The impact of preoperative epidural injections on postoperative infection in lumbar fusion surgery

Anuj Singla, Scott Yang, Brian C. Werner, Jourdan M. Cancienne, Ali Nourbakhsh, Adam L. Shimer, Hamid Hassanzadeh, Francis H. Shen

Research output: Contribution to journalArticlepeer-review

25 Scopus citations


OBJECTIVE: Lumbar epidural steroid injections (LESIs) are performed for both diagnostic and therapeutic purposes for a variety of indications, including low-back pain, the leading cause of disability and expense due to work-related conditions in the US. The steroid agent used in epidural injections is reported to relieve nerve root inflammation, local ischemia, and resultant pain, but the injection may also have an adverse impact on spinal surgery performed thereafter. In particular, the possibility that preoperative epidural injections may increase the risk of surgical site infection after lumbar spinal fusion has been reported but has not been studied in detail. The goal of the present study was to use a large national insurance database to analyze the association of preoperative LESIs with surgical site infection after lumbar spinal fusion. METHODS: A nationwide insurance database of patient records was used for this retrospective analysis. Current Procedural Terminology codes were used to query the database for patients who had undergone LESI and 1- or 2-level lumbar posterior spinal fusion procedures. The rate of postoperative infection after 1- or 2-level posterior spinal fusion was analyzed. These study patients were then divided into 3 separate cohorts: 1) lumbar spinal fusion performed within 1 month after LESI, 2) fusion performed between 1 and 3 months after LESI, and 3) fusion performed between 3 and 6 months after LESI. The study patients were compared with a control cohort of patients who underwent lumbar fusion without previous LESI. RESULTS: The overall 3-month infection rate after lumbar spinal fusion procedure was 1.6% (1411 of 88,540 patients). The infection risk increased in patients who received LESI within 1 month (OR 2.6, p < 0.0001) or 1-3 months (OR 1.4, p = 0.0002) prior to surgery compared with controls. The infection risk was not significantly different from controls in patients who underwent lumbar fusion more than 3 months after LESI. CONCLUSIONS: Lumbar spinal fusion performed within 3 months after LESI may be associated with an increased rate of postoperative infection. This association was not found when lumbar fusion was performed more than 3 months after LESI.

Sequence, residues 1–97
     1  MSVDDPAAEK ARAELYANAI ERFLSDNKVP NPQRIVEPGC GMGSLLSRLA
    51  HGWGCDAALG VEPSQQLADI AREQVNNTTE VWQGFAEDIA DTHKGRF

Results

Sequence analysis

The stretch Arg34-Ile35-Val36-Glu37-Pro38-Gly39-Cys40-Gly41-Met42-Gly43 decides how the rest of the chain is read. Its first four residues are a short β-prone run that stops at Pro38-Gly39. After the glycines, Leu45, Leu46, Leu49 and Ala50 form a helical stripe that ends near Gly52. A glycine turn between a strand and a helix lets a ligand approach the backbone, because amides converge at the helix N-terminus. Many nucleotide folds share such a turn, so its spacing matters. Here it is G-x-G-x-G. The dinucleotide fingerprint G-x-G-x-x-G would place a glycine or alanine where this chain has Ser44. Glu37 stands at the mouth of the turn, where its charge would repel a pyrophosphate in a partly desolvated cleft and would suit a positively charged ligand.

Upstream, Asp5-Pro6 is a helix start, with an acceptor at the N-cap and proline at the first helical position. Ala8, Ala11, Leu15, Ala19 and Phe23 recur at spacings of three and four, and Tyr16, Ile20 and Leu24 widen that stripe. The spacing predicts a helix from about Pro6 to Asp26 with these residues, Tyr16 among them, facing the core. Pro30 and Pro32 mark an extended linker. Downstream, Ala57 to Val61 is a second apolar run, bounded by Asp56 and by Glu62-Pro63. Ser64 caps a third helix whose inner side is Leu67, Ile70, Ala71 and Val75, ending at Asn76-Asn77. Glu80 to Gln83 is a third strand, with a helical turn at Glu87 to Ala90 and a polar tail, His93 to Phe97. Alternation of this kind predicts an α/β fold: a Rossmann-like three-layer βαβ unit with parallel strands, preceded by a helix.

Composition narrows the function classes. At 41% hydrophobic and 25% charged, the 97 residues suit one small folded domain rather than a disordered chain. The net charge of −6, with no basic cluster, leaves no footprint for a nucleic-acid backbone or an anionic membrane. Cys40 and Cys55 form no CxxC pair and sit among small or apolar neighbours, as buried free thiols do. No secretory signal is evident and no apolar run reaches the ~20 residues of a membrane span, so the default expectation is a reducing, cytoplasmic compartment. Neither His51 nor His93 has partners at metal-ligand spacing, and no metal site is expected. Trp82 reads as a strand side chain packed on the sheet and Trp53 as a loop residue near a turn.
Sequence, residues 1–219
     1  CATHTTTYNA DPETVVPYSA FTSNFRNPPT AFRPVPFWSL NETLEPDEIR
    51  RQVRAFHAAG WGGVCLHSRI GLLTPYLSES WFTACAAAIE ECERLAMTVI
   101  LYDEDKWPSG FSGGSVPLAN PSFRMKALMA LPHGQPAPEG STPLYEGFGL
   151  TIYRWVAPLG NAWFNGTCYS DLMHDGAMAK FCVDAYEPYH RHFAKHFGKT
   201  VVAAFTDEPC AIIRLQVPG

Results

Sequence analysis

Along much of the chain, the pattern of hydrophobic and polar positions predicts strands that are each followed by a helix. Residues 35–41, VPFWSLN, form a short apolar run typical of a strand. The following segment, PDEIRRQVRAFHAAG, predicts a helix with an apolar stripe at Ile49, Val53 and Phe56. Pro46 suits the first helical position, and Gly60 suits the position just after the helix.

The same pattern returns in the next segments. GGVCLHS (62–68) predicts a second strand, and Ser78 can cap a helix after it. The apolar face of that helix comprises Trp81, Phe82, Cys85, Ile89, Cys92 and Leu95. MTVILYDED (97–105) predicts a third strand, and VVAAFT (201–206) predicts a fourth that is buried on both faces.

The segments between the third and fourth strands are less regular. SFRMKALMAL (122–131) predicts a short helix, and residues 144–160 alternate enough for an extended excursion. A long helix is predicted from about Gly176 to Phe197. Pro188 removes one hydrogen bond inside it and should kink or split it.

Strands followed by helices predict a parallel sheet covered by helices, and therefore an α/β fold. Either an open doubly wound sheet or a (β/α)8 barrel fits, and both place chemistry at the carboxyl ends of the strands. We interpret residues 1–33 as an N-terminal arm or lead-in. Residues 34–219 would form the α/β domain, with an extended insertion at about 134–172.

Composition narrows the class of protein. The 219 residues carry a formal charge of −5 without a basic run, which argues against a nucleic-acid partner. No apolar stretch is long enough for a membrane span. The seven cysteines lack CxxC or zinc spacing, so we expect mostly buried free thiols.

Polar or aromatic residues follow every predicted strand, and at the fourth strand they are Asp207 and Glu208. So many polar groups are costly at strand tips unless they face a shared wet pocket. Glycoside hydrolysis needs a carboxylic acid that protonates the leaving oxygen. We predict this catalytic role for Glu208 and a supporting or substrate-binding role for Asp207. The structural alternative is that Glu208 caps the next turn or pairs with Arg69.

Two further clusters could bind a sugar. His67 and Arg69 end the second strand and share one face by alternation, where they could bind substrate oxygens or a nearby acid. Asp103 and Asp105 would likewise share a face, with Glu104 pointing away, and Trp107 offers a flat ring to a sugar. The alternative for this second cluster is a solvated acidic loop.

Original languageEnglish (US)
Pages (from-to)645-649
Number of pages5
JournalJournal of Neurosurgery: Spine
Issue number5
StatePublished - May 2017
Externally publishedYes


  • Epidural injection
  • Infection
  • Lumbar fusion
  • Postoperative complications
  • Spine surgery

ASJC Scopus subject areas

  • Surgery
  • Neurology
  • Clinical Neurology


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